HomeNewsFrance's proposed pension reform faces crucial parliamentary vote

    France’s proposed pension reform faces crucial parliamentary vote

    Protesters march during a demonstration on a 8th day of strikes and protests across the country against the government's proposed pensions overhaul in Lille, northern France, on March 15, 2023.

    A proposed reform of France’s pension system, which has sparked massive protests and strikes since the start of the year, is to be put to a vote in parliament on Thursday, March 16, in a decisive moment for President Emmanuel Macron.

    The Senate and lower house Assemblee Nationale are set to hold ballots on the legislation to raise the retirement age to 64, with Macron’s minority government dependent on the opposition Les Républicains (LR) party for support.

    After months of negotiations, “everyone wants a moment of truth,” a senior figure in Macron’s Renaissance party told Agence France-Press (AFP) on condition of anonymity. He conceded that there was a risk that “we might lose.”

    Read more Article reserved for our subscribers French pension reform: On the eve of the vote, demonstrators oscillate between rage and resignation

    Support appears almost certain in the upper house Senate, but a majority will be more difficult to find in the fractured Assembly, and the ultimate winning or losing margin could come down to a handful of votes. “In my group, as well as in the ruling party, there are some MPs who do not want to vote for this reform,” the top-ranking Les Républicains party lawmaker in the Assemblée, Olivier Marleix, conceded on Wednesday evening.

    The government has argued that raising the retirement age, scrapping privileges for some public sector workers and toughening criteria for a full pension are needed to prevent major deficits from building up.

    Trade unions have led resistance to the plans since the start of the year, organizing some of the biggest demonstrations in decades, which peaked last Tuesday when an estimated 1.28 million people hit the streets. They say the reform will penalize low-income people in manual jobs who tend to start their careers early, forcing them to work longer than graduates who are less affected by the changes.

    Garbage batteries

    A rolling strike by municipal garbage collectors in Paris over the last week has seen an estimated 7,000 tons of uncollected trash pile up in the streets, attracting rats and dismaying tourists.

    Read more Article reserved for our subscribers Garbage piles up in Paris as strikes against pension reform continues

    The strike affecting around half of the city’s districts has been extended until March 20, with private refuse company Derichebourg carrying out emergency collections in some of the worst-affected areas.



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    But Derichebourg said Wednesday it would stop intervening after threats from strikers “to block the entrances and exits to our site if we continued collections for health reasons, which are legal and contractual,” company executive Thomas Derichebourg told AFP.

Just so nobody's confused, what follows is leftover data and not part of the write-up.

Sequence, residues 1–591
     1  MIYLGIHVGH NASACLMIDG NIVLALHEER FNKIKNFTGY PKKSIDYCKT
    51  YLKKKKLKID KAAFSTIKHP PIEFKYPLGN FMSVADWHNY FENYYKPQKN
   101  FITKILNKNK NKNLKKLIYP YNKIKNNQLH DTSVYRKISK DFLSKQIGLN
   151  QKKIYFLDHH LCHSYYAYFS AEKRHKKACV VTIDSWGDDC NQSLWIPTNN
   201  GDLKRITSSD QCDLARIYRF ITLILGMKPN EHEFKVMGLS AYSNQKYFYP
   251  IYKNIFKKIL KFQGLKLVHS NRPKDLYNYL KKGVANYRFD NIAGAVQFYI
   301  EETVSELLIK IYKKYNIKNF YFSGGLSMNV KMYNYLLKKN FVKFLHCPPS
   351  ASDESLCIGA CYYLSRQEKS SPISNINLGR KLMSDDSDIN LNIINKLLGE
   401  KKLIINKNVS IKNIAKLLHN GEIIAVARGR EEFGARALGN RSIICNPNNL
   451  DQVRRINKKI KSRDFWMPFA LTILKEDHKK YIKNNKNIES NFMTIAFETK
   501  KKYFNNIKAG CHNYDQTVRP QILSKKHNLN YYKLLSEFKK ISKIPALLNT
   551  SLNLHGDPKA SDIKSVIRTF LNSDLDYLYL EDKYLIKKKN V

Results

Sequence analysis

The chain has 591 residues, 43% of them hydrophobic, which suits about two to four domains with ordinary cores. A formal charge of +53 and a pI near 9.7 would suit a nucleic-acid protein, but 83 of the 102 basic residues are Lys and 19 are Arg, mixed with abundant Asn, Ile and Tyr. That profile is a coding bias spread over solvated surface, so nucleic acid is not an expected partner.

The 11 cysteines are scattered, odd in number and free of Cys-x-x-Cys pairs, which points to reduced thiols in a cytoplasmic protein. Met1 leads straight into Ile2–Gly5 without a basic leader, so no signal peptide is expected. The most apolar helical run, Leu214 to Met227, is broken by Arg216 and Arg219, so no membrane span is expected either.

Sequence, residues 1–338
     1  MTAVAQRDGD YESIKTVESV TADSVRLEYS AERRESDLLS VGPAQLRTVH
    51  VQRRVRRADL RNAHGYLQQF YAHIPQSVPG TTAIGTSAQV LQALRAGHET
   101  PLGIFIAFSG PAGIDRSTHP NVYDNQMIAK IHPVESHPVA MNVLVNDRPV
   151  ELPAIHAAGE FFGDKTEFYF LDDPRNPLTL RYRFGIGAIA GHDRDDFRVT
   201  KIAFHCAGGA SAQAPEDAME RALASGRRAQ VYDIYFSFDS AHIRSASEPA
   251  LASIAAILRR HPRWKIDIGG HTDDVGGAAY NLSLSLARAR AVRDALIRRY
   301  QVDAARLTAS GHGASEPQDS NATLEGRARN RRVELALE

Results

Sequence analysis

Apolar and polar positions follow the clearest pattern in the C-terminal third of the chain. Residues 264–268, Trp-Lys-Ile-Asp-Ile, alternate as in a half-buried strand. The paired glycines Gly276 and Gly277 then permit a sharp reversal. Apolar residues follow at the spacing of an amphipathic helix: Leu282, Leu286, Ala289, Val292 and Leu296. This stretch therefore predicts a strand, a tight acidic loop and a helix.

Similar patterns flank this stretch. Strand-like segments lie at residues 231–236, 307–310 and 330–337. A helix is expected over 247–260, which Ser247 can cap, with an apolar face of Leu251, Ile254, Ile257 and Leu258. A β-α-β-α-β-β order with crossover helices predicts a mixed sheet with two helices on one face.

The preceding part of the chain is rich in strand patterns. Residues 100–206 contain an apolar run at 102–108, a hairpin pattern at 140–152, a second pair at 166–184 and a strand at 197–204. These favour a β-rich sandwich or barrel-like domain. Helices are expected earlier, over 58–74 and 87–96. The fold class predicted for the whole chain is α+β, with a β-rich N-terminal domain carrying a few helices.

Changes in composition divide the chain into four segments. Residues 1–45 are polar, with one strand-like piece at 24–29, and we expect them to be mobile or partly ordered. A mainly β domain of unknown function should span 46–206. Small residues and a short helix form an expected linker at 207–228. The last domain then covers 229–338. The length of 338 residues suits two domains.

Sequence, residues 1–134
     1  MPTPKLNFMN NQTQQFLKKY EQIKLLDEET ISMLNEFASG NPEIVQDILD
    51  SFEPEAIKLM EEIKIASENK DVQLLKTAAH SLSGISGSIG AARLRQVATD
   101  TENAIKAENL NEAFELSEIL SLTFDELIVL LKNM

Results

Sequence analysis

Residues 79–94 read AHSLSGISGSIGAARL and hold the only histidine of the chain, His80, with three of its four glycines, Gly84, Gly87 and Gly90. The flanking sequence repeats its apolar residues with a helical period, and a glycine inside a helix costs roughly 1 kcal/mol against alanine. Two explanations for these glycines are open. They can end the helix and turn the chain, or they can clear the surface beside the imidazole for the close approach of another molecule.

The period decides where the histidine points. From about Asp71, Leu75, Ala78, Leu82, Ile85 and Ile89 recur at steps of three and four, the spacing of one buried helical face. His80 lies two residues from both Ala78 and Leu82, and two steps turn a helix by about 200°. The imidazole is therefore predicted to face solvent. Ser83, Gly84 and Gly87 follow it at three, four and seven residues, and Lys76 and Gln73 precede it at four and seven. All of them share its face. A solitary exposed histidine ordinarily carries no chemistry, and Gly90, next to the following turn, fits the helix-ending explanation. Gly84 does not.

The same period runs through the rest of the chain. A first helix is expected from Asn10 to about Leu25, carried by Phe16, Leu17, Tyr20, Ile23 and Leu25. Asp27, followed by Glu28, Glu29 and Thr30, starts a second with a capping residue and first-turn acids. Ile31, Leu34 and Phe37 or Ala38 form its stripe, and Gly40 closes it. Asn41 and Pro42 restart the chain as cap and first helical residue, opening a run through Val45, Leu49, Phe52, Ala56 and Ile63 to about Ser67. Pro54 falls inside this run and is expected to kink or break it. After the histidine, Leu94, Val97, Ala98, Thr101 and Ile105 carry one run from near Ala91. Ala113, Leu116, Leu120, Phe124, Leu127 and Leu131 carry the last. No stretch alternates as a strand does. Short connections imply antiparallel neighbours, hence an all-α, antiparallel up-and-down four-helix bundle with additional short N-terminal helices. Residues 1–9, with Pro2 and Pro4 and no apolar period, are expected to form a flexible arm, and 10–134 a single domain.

Although Interior Minister Gerald Darmanin has urged Paris city authorities to order workers back to work on health grounds, Socialist mayor Anne Hidalgo has refused, writing on Wednesday that the protests were “fair.”

    Elsewhere, workers from the CFE-CGC trade union in the south of France claimed Wednesday that they had cut the electricity supply to a presidential island retreat in the Mediterranean used by Macron for his summer holidays.

    Trains, schools, public services and ports have been affected by strikes over the last six weeks. Opinion polls show that two-thirds of French people oppose the pension reform and support the protest movement.

    Minority government

    If Prime Minister Elisabeth Borne fails to find a working majority in the Parliament on Thursday, she could use a power contained in article 49.3 of the Constitution, enabling her to ram the legislation through without a vote.

    Analysts say forcing it through in this way by decree would deprive her and Macron of democratic legitimacy, however, and would expose the government to a confidence vote, which it might lose. “We don’t want the 49.3,” government spokesman Olivier Veran said on Sunday. “We want there to be a positive vote for this bill.”

    Read more Article reserved for our subscribers France’s aging population is a challenge that goes far beyond the pensions issue

    Macron met Borne and senior ministers for last-ditch talks on Wednesday evening to discuss strategy ahead of a vote that could be a turning point for his second term in office. If the reform is voted in, one question will be whether the unions and demonstrators continue their protests and strikes, or whether the movement fizzles out – something seen in previous standoffs with the unions.

    “It’s a last cry from the working population to say that we don’t want retirement at 64,” the head of the CFDT union, Laurent Berger, told reporters as he joined a march during nationwide protests on Wednesday. The political implications of voting through a reform opposed by most of the population are also uncertain for Macron and the country at large.

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    Far-right leader Marine Le Pen and hard-left populist Jean-Luc Melenchon are hoping to capitalize on Macron’s unpopularity, having lost out to the former investment banker in last year’s presidential election.

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